FKA twigs Sues Shia LaBeouf for "Relentless Abuse"

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FKA twigs Sues Shia LaBeouf for "Relentless Abuse"

FKA twigs (born Tahliah Debrett Barnett) filed a lawsuit in Los Angeles Superior Court on Friday that accuses actor Shia LaBeouf, whom she dated for nearly a year, of “‘relentless abuse,’ including sexual battery, assault and infliction of emotional distress,” as the New York Times reports.

The harrowing account outlines a pattern of manipulative and violent behavior, alleging that LaBeouf: isolated Barnett from her friends and colleagues, and disrupted her career ahead of the release of her latest album, Magdalene; once woke Barnett up by choking her in the middle of the night; knowingly gave her a sexually transmitted disease; commonly squeezed or grabbed Barnett so hard, he left bruises; and once “violently grabbed her” and locked her in a room as she was trying to pack up her things and leave him.

Another former girlfriend of LaBeouf’s, stylist Karolyn Pho, has also come forward, accusing the actor of abuses including drunkenly pinning her to a bed and head-butting her, drawing blood. Some of Pho’s claims are reportedly included in Barnett’s lawsuit. “So much goes into breaking down a man or woman to make them OK with a certain kind of treatment,” Pho told the Times.

In various statements to the Times, LaBeouf apologizes generally for his history of abusive and erratic behavior, but denies certain specific accusations, contending, “many of these allegations are not true.“

Barnett, 32, and LaBeouf, 34, met in 2018, her lawsuit recounts, when they worked together on Honey Boy, which LaBeouf wrote and starred in alongside Barnett, who was making her feature film acting debut. They began dating after finishing work on the film, but LaBeouf’s “over-the-top displays of affection” soon gave way to controlling, frightening behavior, as Barnett and Pho each allege, and the Times details:

In the lawsuit, Ms. Barnett and Ms. Pho said that Mr. LaBeouf did not like it if they spoke to or looked at male waiters; in an interview, Ms. Barnett said she learned to keep her eyes down when men spoke to her. She also stated in the suit that Mr. LaBeouf had rules about how many times a day she had to kiss and touch him, which he enforced with constant haranguing and criticism.

Mr. LaBeouf convinced Ms. Barnett to stay with him in Los Angeles, she said, rather than move back to London where she and her professional circle lived. It was a step toward her isolation, she said. And he would often say that her creative team used her, a message that eventually led her to doubt them.

But living with him became frightening, she said. The lawsuit says that he kept a loaded firearm by the bed and that she was scared to use the bathroom at night lest he mistake her for an intruder and shoot her. He didn’t let her wear clothing to bed, and would spin a trifling disagreement — over an artist she liked and he didn’t, for example — into an all-night fight, depriving her of sleep, the suit says.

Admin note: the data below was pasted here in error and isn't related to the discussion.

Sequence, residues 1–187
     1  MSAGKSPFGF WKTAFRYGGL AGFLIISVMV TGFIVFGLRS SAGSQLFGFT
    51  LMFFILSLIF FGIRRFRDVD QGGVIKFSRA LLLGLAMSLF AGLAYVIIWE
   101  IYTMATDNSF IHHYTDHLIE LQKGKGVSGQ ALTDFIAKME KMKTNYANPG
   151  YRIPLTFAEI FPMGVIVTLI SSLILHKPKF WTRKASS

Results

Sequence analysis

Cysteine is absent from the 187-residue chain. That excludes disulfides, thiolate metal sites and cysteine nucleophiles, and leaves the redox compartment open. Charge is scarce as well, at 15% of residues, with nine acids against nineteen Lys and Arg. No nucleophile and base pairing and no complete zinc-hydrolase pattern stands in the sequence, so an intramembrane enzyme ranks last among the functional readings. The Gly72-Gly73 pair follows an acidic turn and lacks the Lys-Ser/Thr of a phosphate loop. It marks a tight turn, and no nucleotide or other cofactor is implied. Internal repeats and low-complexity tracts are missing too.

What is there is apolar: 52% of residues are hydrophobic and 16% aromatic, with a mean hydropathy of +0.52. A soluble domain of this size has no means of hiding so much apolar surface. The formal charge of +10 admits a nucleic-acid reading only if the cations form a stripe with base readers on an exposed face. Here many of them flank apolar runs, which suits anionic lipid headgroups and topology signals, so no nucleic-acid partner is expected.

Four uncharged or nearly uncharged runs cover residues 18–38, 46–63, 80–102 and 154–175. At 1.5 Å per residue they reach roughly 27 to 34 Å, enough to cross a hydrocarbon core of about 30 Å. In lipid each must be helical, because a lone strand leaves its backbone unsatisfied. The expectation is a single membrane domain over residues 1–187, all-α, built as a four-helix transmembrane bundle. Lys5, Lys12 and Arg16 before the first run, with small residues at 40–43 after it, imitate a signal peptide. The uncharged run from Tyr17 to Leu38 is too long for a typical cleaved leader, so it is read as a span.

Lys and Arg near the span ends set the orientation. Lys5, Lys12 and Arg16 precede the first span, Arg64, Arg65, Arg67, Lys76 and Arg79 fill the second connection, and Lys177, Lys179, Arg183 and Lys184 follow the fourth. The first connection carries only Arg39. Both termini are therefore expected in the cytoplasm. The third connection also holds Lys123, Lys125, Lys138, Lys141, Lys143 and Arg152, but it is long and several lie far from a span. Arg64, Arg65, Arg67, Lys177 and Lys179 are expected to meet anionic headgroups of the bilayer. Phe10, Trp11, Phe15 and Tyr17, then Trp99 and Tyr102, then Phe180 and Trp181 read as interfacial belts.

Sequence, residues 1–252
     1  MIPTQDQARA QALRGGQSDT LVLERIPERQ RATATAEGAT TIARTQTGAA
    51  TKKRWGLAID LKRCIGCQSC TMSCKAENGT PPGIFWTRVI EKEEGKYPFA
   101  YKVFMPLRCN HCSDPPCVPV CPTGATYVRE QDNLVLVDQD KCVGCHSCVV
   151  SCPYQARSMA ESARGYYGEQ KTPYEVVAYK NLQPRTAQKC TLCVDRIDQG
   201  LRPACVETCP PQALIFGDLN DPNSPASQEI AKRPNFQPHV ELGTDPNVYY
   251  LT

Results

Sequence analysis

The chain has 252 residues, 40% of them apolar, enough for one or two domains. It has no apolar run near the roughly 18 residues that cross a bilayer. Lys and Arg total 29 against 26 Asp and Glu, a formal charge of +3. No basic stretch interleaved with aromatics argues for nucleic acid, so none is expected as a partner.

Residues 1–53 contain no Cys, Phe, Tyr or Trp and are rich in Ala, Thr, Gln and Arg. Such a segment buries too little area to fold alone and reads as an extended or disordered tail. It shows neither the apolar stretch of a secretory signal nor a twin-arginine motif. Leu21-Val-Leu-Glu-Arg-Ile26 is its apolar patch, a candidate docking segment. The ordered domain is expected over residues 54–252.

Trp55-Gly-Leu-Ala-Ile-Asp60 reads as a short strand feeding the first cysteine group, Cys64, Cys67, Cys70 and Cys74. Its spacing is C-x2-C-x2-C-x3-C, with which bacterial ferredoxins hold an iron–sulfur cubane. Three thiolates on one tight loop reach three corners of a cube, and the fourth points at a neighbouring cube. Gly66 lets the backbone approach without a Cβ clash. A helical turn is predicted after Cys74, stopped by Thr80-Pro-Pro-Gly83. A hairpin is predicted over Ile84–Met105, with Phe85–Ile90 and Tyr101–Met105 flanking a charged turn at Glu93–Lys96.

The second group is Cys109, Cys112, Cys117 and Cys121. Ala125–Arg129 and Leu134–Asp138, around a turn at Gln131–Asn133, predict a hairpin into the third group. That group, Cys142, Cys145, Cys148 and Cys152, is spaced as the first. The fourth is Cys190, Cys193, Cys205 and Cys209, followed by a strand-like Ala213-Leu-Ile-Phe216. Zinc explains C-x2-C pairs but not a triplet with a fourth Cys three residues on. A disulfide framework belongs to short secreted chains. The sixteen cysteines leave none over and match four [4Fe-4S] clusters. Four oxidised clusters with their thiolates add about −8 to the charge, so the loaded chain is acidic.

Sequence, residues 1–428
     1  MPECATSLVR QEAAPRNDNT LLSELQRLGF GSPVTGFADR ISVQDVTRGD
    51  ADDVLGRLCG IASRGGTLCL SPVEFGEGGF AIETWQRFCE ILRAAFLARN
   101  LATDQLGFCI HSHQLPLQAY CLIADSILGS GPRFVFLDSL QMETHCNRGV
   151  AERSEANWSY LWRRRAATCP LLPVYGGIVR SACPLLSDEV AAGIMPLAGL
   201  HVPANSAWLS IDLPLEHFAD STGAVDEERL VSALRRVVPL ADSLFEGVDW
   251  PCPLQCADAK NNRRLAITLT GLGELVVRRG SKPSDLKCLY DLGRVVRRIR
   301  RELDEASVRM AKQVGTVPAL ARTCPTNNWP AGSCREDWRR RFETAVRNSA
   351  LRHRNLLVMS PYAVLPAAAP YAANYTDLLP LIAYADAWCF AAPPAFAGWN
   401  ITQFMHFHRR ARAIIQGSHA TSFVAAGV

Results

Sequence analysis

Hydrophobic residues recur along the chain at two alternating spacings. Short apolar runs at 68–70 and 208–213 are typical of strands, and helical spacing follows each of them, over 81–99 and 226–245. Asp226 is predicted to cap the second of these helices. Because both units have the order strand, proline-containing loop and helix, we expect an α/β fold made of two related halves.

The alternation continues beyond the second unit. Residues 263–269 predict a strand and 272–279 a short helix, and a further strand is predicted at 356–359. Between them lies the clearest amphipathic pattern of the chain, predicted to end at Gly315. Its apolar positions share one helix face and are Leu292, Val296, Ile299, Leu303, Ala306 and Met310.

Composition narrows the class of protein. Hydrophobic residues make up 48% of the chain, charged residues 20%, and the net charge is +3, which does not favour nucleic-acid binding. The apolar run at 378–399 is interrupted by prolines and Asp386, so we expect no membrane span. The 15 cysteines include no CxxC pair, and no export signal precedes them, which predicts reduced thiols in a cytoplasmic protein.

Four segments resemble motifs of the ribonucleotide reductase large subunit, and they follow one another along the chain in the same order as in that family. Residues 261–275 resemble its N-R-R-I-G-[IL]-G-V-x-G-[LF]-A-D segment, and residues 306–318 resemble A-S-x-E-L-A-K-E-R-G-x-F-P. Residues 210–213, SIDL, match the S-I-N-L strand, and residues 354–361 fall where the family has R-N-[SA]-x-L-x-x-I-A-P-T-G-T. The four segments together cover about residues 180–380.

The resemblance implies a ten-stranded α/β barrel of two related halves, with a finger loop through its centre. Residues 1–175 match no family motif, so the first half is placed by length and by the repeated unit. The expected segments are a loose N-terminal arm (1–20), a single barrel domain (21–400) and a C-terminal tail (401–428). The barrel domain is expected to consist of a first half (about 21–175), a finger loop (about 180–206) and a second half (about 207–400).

Perhaps the most disturbing incident Barnett’s lawsuit alleges took place last Valentine’s Day, when she says LaBeouf took off his seatbelt while driving the two to L.A. and threatened to crash the car unless Barnett told him she loved him. After Barnett “begged to be let out of the car,” LaBeouf stopped at a gas station and assaulted her, per her lawsuit, screaming in her face and throwing her against the car before forcing her back into it.

“I’m not in any position to tell anyone how my behavior made them feel,” LaBeouf told the Times. “I have no excuses for my alcoholism or aggression, only rationalizations. I have been abusive to myself and everyone around me for years. I have a history of hurting the people closest to me. I’m ashamed of that history and am sorry to those I hurt. There is nothing else I can really say.”

The Times report provides lots of valuable context, including the observation that lawsuits like this one are relatively rare. In that regard, Barnett exhibits the kind of raw courage that has also characterized her art: “I’d like to be able to raise awareness on the tactics that abusers use to control you and take away your agency,” Barnett told the Times. “What I went through with Shia was the worst thing I’ve ever been through in the whole of my life. I don’t think people would ever think that it would happen to me. But I think that’s the thing. It can happen to anybody.”

Barnett said in her lawsuit that she will give “a significant portion” of any damages she may be awarded as a result of the case to various domestic-violence charities, providing other victims with the means she relied on to extricate herself from her situation.

You can (and should) read the entire Times report here.